Globe iconLogin iconRecap iconSearch iconTickets icon

Reds happy with walk-off, but want RBI for Byrd

Vet's game-winning line drive ruled an error on right fielder

CINCINNATI -- Ultimately, all that mattered for the Reds was that they had a 3-2 victory in hand over the Pirates because offseason acquisition Marlon Byrd delivered a walk-off win. But Byrd and the club certainly wouldn't mind him also being credited with an RBI and perhaps a hit, too.

Facing the Pirates with runners on the corners in the bottom of the ninth, Byrd hit a liner to right field. Although playing shallow, Gregory Polanco made a good move to reach the ball in time, but he made a critical mistake. Not only did Polanco not glove the ball and let it drop in, he gave up on the play. It allowed Todd Frazier to score the game-winning run without a throw, while Byrd was celebrated as the day's hero.

"I think it was sinking in on him," Byrd said. "It's tough when you're an outfielder playing that close. You're trying to judge the ball. I think he was trying to come up with the ball and make the throw as soon as possible. It just dropped on him."

The official scorer ruled the play an error on Polanco with no RBI and an unearned run for pitcher Rob Scahill. Byrd will likely appeal the ruling with Major League Baseball.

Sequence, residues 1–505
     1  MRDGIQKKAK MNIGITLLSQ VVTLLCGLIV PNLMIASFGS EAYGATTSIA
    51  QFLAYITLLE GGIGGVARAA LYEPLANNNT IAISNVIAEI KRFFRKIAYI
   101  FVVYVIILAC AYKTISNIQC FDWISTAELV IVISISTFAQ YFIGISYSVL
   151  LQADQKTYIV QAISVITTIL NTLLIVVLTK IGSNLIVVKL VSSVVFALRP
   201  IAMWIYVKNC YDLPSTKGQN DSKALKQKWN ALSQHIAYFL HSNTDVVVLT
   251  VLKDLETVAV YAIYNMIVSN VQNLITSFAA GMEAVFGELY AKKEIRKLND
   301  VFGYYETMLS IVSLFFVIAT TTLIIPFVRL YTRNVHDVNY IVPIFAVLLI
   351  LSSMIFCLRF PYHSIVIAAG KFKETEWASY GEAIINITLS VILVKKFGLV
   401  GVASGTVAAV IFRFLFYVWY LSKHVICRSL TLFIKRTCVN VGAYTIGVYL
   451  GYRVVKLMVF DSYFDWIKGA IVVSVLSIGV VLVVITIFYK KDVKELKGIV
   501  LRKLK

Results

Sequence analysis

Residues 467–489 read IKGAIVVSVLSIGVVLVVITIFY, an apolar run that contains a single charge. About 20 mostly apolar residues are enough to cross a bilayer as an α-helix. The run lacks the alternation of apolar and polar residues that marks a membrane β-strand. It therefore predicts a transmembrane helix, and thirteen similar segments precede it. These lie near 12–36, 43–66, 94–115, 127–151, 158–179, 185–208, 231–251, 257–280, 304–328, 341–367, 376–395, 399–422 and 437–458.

"If it's not a hit, then it's a sac fly," Byrd said. "Who's to judge to say it's an error and not an RBI? I don't see how you can call it that."

"I felt really good for him," Reds manager Bryan Price said. "Once we get that overturned from an error to a hit, I'll feel a lot better about it."

Video: PIT@CIN: Frazier scores game-winning run on error

Pirates manager Clint Hurdle felt like there could have been a play at the plate, anyway.

"If he catches the ball, the runner can't score. What he doesn't know, the runner broke and had to scurry back, so even once the ball was missed, if he gets to the ball and picks it up, there might still be a play," Hurdle said.

Before his final at-bat on Thursday, Byrd was 2-for-12 with six strikeouts. He was one of the team's better hitters in Spring Training, when he batted .327.

"It was a tough couple of days with the rain, my at-bats and everything," Byrd said. "We've been grinding it out. Joey [Votto] has been carrying us a couple of games. It was nice to get a win."

Price put little stock in Byrd's early numbers. The Reds acquired him in a Dec. 31 trade from the Phillies to boost and deepen a lineup that struggled offensively last season.

"He's fine," Price said. "It's three games. You look at these stretches in short periods, and you can make anybody look like [the] king of the world or scuffling."

Cincinnati is off to a 3-0 start after sweeping the Pirates. Thursday's day game came on the heels of a late night at the ballpark. A two-hour, 34-minute rain delay on Wednesday followed by an 11-inning game that ended not long before 2 a.m. meant a quick turnaround.

"Wins always energize teams," Byrd said. "It's always positive after a 'W,' instead of the negatives. As long we get wins, it's easy to sleep five hours, four hours, whatever. It's doesn't matter."

Mark Sheldon is a reporter for Read his blog, Mark My Word, and follow him on Twitter @m_sheldon.
Read More: Cincinnati Reds, Marlon Byrd